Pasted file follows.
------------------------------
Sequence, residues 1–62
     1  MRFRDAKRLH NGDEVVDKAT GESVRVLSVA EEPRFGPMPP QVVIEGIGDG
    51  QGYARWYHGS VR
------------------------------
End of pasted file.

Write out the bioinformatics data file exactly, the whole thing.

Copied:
Sequence, residues 1–62
     1  MRFRDAKRLH NGDEVVDKAT GESVRVLSVA EEPRFGPMPP QVVIEGIGDG
    51  QGYARWYHGS VR